The central bank of Georgia has said it is assessing whether to launch a central bank digital currency (CBDC), in a move that would see them follow in the footsteps of numerous other central banks worldwide.
The National Bank of Georgia said this week it was considering launching a digital Lari, which it hoped would help the nation benefit from the advantages of CBDCs as outlined by other countries.
Among the benefits it is hoping for is greater financial inclusion, more government sovereignty over monetary and payments systems, and a streamlined process for settlement transactions on the blockchain.
The project, known as Digital GEL, would see the central bank develop a digital currency in line with the technical standards set out by the Bank for International Settlements, which it is hoped will ultimately allow different international digital currencies to be exchanged interoperably across payment and other systems.
The announcement from the bank is also intended as a call for collaboration, with the bank keen to work with private sector interests in shaping the new system, though the plans so far do not explicitly mention blockchain as an underlying technology.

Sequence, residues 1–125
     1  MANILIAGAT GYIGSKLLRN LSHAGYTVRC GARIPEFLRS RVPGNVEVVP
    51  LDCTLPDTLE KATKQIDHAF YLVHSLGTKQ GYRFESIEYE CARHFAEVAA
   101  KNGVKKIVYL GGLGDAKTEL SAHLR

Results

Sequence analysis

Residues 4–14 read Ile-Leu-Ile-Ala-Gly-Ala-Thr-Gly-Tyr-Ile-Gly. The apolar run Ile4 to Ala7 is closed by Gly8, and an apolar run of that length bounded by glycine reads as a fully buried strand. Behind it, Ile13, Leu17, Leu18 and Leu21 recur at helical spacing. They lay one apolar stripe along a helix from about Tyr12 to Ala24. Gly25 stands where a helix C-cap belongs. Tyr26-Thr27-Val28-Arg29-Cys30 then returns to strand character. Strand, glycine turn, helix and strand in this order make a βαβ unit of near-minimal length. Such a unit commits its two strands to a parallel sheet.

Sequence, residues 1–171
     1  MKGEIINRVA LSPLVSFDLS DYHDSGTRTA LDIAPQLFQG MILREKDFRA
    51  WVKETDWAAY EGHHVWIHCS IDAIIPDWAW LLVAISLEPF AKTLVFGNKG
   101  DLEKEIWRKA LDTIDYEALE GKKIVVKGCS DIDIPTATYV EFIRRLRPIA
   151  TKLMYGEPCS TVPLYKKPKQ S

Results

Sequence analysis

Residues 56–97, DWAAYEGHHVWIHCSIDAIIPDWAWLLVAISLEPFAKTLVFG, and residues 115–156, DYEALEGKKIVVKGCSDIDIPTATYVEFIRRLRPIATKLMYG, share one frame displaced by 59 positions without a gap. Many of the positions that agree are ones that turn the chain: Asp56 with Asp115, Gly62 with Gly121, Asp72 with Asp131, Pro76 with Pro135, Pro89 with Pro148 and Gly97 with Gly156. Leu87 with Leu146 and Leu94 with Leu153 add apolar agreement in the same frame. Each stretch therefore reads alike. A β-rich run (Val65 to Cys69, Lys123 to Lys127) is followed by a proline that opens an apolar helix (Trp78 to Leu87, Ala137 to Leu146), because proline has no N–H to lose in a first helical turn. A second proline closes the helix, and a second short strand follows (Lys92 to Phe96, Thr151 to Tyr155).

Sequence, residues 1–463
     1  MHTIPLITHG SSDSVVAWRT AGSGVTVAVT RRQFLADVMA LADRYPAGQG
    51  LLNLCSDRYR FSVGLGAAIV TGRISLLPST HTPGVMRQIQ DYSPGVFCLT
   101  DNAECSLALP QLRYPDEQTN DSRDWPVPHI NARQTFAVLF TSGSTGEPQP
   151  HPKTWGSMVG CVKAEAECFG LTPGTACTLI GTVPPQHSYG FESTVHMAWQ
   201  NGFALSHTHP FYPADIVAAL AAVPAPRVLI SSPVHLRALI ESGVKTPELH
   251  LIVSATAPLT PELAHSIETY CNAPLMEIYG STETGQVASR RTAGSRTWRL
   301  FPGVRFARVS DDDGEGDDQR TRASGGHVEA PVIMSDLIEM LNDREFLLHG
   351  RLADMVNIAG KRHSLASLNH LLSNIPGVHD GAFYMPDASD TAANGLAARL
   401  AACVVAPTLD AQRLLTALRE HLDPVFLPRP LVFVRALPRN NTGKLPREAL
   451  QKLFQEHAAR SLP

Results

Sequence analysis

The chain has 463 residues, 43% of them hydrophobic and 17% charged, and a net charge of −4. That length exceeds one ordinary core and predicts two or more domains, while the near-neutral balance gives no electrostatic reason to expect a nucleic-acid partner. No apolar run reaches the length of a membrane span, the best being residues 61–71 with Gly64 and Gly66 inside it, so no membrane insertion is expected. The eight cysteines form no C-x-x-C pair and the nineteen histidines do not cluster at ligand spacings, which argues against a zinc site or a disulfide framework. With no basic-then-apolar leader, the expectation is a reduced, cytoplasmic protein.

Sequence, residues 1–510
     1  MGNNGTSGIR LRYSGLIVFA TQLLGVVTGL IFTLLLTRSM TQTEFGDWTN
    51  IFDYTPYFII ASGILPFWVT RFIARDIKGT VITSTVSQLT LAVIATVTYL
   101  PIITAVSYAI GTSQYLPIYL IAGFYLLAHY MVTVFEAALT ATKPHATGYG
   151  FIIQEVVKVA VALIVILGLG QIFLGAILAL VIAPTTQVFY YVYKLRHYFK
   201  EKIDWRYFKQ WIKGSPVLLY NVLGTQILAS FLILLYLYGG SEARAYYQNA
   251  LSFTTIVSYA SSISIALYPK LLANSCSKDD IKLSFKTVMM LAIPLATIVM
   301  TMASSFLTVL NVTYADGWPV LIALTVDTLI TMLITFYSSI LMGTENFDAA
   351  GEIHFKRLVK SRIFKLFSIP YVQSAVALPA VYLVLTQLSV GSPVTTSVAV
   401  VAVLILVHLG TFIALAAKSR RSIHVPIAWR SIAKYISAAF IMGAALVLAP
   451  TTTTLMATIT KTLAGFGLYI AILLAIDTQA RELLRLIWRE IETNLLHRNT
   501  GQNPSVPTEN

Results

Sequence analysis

Neighboring countries of Turkey and Russia are already at more advanced stages of developing their central bank digital currencies, and Georgia’s announcement brings them in line with a number of other major central banks across the region and the wider world.
Though much of the progress so far has been made across large economies, including China which is the leader of the major global economies in developing its digital currency, other smaller economies have been agile in developing and rolling out CBDCs, on account of their less complex economies.
While Georgia’s central bank is significantly smaller, and thereby less influential on the global stage, its move towards a CBDC is yet further confirmation of the international trend towards government-backed digital currencies.